Grecian shoes were peculiar in reaching to the middle of the legs. The present fashion of shoes was introduced into England in 1633. In the ninth and tenth centuries the greatest princes of Europe wore wooden shoes. Slippers were in use before Shakespeare’s time, and were originally made “rights” and “lefts.” Shoes among the Jews were made of leather, linen, rush or wood; soldiers’ shoes were sometimes made of brass or iron. In the reign of William Rufus of England, in the eleventh century, a great beau, “Robert, the Horned,” used shoes with sharp points, stuffed with tow, and twisted like rams’ horns.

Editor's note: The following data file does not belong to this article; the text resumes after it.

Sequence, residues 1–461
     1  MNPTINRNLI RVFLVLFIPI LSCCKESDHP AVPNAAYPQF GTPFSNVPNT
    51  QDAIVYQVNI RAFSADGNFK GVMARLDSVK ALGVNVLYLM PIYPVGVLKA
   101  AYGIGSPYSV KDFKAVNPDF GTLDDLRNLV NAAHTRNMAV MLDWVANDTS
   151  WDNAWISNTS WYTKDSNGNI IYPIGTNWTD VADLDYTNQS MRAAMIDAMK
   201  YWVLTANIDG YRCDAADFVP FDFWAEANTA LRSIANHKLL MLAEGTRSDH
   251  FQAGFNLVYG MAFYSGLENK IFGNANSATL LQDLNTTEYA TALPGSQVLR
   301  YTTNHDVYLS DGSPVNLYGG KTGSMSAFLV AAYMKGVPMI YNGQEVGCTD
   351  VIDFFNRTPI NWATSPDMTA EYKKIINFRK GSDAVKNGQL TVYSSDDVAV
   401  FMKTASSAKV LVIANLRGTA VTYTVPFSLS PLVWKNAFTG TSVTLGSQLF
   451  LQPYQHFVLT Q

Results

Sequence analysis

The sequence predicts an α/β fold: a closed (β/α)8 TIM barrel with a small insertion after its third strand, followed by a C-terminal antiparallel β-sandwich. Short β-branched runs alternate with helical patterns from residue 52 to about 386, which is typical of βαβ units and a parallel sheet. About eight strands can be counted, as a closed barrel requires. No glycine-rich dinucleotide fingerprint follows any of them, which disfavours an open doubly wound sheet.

The Romans made use of two kinds of shoes–the solea, or sandal, which covered the sole of the foot, and was worn at home and in company, and the calceus, which covered the whole foot and was always worn with the toga when a person went abroad. In the reign of Richard II., shoes were of such absurd length as to require to be supported by being tied to the knees with chains, sometimes of gold and silver. In 1463 the English parliament took the matter in hand and passed an act forbidding shoes with spikes more than two inches in length being worn and manufactured.